The October 11, 2010 issue of TIME magazine highlighted the importance of fertility preservation for cancer patients. The article discussed the mission of the and interviewed a young cancer survivor, Holly, who underwent fertility preservation at Northwestern Memorial Hospital in Chicago, IL. Since Holly works down the street from us here at the , I recently had the opportunity to sit down with her and learn more about her triumph against cancer.
The TIME article told the story of Holly’s breast cancer diagnosis and treatment in 2009. In our lunch meeting, I was surprised to learn that this was not her first battle with cancer. At age 14, Holly was diagnosed with Hodgkin’s lymphoma. As we sat down for lunch, she described the rigorous treatment of that first cancer with, “six months of chemotherapy and an additional two weeks of radiation therapy.”
Due to the type of radiation treatment, Holly knew she was at increased risk for later breast cancer so when she was 25, she began annual screenings. According to Holly, “the first year I went for monitoring was the only mammogram that was normal.” After that first screening, every yearly exam found some kind of mass that ended up being benign. But in 2009, the newest mass was diagnosed as malignant. Holly remembers the day well because it was, “two months to the day after I got engaged.”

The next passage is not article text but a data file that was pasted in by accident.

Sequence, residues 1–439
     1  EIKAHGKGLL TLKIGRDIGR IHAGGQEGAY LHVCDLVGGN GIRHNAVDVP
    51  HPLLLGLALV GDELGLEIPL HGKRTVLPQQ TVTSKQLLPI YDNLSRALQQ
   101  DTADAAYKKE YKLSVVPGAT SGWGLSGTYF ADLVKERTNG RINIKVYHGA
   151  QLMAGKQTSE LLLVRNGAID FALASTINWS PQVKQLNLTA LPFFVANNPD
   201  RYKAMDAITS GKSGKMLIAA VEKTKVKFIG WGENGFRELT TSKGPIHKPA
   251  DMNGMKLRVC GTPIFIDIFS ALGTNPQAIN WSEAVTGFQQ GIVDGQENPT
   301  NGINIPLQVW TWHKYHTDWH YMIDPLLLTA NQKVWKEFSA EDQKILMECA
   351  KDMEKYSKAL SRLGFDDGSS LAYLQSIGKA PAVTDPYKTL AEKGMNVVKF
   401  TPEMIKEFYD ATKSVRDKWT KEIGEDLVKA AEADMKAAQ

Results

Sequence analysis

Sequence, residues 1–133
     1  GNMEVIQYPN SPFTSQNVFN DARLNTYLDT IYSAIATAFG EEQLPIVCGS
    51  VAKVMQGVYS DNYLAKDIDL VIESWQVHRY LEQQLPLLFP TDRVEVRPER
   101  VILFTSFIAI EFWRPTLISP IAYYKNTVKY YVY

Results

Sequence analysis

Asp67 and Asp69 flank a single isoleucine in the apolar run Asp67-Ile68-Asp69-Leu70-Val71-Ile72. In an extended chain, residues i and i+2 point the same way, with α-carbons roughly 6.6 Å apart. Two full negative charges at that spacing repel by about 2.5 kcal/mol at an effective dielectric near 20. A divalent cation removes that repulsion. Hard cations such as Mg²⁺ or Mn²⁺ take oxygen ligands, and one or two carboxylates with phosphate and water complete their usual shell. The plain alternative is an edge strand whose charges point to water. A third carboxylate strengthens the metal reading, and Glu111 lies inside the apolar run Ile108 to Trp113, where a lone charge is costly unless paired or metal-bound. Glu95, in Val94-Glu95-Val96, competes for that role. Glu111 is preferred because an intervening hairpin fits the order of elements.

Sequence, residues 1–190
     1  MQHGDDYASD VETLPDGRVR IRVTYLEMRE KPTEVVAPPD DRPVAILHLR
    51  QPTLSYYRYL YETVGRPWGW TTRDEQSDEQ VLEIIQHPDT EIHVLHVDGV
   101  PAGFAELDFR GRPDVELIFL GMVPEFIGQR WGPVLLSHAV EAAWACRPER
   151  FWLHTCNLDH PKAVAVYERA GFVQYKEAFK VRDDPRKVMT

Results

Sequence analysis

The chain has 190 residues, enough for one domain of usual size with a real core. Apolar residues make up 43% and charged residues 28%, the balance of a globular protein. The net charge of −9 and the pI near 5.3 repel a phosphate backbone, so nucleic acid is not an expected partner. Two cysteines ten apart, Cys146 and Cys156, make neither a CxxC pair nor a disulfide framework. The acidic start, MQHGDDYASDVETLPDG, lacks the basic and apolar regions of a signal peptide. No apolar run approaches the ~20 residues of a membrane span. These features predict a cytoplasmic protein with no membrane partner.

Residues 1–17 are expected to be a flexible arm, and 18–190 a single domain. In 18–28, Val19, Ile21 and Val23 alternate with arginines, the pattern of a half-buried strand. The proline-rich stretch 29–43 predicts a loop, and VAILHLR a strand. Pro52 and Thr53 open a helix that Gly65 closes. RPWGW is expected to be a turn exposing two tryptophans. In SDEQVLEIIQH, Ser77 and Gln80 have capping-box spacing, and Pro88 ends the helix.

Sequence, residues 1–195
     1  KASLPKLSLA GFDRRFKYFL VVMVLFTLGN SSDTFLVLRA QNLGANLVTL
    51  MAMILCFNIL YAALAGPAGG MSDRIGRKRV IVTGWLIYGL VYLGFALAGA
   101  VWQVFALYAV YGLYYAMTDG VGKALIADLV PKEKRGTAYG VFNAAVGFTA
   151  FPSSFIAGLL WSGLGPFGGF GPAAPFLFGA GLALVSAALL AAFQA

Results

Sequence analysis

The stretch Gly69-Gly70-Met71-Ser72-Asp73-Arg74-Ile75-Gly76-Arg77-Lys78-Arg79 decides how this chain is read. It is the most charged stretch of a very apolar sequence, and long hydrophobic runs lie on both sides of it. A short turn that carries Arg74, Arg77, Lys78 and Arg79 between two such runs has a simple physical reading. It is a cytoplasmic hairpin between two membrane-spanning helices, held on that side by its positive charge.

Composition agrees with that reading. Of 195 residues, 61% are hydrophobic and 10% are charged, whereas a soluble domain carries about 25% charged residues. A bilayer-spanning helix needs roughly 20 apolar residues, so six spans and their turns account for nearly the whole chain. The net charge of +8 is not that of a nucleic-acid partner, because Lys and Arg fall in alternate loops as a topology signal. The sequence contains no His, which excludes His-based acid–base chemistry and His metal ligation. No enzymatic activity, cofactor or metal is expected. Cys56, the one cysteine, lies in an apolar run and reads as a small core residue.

Over the next month, Holly worked with her doctors to develop a treatment plan for the cancer and to preserve her fertility. She and her fiancé, Rich, decided to undergo hormone stimulation for embryo banking before completing the cancer treatment that may have impaired her fertility.
More than a year later, Holly is cancer-free, a newlywed, and already looking forward to using her stored embryos. “It is very exciting that these embryos could become our babies,” she said. As she sat across from me at lunch, I could see the peace-of-mind that the frozen embryos give her. According to Holly, “With all of life’s uncertainties-why add more?”